After zipping through all of that, Minnick spends a solid slug of time discussing the nose and flavor of bourbon in general, with an eye toward the many strange notes that can bubble up in the course of tasting bourbon. The main event is saved for last — over 50 bourbon brands digested with detailed tasting notes, even more detailed production information, and questions for the reader to ponder. Whether you’re putting together a tasting of Stagg or Pappy, Minnick is there to guide you along the way.
Fantastically approachable, it’s a whisky book that’s as easy to digest as a glass of Baker’s after dinner.
A- / $16 / [BUY IT NOW FROM AMAZON]
Homebrew beer cookbooks are legion, but this title from Michael Agnew is special — it’s stuffed with recipes for (real) craft beers, many of which from brand names you’ve probably actually tried. Lagunitas, Allagash, Rogue, Shmaltz — all of them are well represented among the roughly three dozen recipes in the paperback.
Each recipe spends two pages describing the beer then walking you through its construction, step by step, with precise measurements in both English and metric units. The book is sorted into chapters by style, though some beer types — pale ales and Belgians, namely — are over-represented next to less included lagers, rye, and wheat beers.
No matter. Take a flip through the book and see if there’s something you like in the table of contents. If nothing else, it’s worth the price of admission alone for the specifics on how to make Lagunitas Little Sumpin’ Sumpin’ at home!
A- / $18 / [BUY IT NOW FROM AMAZON]
What do I look for in a cocktail book that I might add to my collection? Drinks that aren’t widely included in other books, a tenable theme, and lots of pictures of what the finished product looks like. (Half the time I find myself picking a beverage by appearance rather than its ingredients, and I wager most people do the same.)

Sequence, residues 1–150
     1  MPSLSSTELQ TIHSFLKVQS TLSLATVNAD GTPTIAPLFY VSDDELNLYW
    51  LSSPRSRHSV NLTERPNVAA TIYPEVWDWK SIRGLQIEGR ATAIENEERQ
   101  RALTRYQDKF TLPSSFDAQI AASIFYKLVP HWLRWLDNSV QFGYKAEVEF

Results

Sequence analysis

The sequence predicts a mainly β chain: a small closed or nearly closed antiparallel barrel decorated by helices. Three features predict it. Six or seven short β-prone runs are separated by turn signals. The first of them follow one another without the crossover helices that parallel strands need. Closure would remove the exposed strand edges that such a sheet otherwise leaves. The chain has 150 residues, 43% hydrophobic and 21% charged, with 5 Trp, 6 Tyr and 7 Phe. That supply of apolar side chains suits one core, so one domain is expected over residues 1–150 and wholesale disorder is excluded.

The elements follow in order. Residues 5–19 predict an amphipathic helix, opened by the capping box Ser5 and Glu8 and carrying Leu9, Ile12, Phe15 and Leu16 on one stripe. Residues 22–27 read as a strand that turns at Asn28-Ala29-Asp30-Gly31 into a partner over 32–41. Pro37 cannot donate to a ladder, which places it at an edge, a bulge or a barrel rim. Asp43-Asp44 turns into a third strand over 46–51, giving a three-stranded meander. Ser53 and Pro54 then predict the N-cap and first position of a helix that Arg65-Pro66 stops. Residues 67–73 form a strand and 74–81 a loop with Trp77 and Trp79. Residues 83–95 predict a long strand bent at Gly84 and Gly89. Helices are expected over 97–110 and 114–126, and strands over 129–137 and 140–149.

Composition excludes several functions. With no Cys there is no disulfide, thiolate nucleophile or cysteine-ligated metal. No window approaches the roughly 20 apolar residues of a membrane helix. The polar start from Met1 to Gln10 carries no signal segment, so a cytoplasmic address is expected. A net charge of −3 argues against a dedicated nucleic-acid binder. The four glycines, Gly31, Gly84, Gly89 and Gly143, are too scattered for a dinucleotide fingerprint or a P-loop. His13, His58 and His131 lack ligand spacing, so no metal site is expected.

Tiki Drinks has all three of those things. Nicole Weston and Robert Sharp curate about 60 cocktails for this slim but focused treatise on all things tiki. The primer upfront is brief but well conceived and helpful — the pages outlining different countries’ national styles of rum production is remarkably useful — before leading into page after page of classics and newfangled tiki drinks. Every cocktail gets a full page picture, and even the garnishes are innovative. (Who’d have thought to carve a lime peel into a skull to garnish a Zombie cocktail?)
I’ve no complaints with the selection of drinks, the recipes chosen — many tiki drinks have a wide range of potential ingredients and have changed considerably over the years — or the sometimes mildly offbeat direction that Weston and Sharp choose to take with some classics.
Weston and Sharp aren’t cocktail historians, nor do they pretend to be, so if you want another investigation into the early life of Don the Beachcomber, look elsewhere. With this book the duo simply gather up tiki’s greatest hits (and then some) and give the masses the means to make some popular rum-heavy cocktails at home, and that’s good enough for me.
A / $15 / [BUY IT NOW FROM AMAZON]
This coffee table book takes you on a worldwide adventure of beer drinking, from Ireland to Germany to Japan to the U.S., author Bill Yenne aims to give us the lowdown about what it’s like to make beer and drink beer in various nations around the globe.
That’s really it. The prose is straightforward and the pictures are almost exclusively stock art, with most sections taking on a standard lineup of a) pictures of beer bottles, b) pictures of breweries, and c) pictures of bars. These are occasionally interspersed with d) pictures of ladies drinking beer.
As a historian, Yenne knows what he’s talking about — or at least he’s done his research — but what’s here is pretty close to the surface. Yenne offers a few specific brands — both majors and craft brews — to try when you’re in-country, and a few beerhalls and bars to visit, but any traveler hoping to use this for anything more than simple idea generation or inspiration will quickly be lost. There are no directions, maps, contact information, or other data required to actually make your own “world tour” out of the info in the book.
That makes sense given the format of the tome — an oversized hardcover — but the content inside just doesn’t seem to fit.
C- / $21 / [BUY IT NOW FROM AMAZON]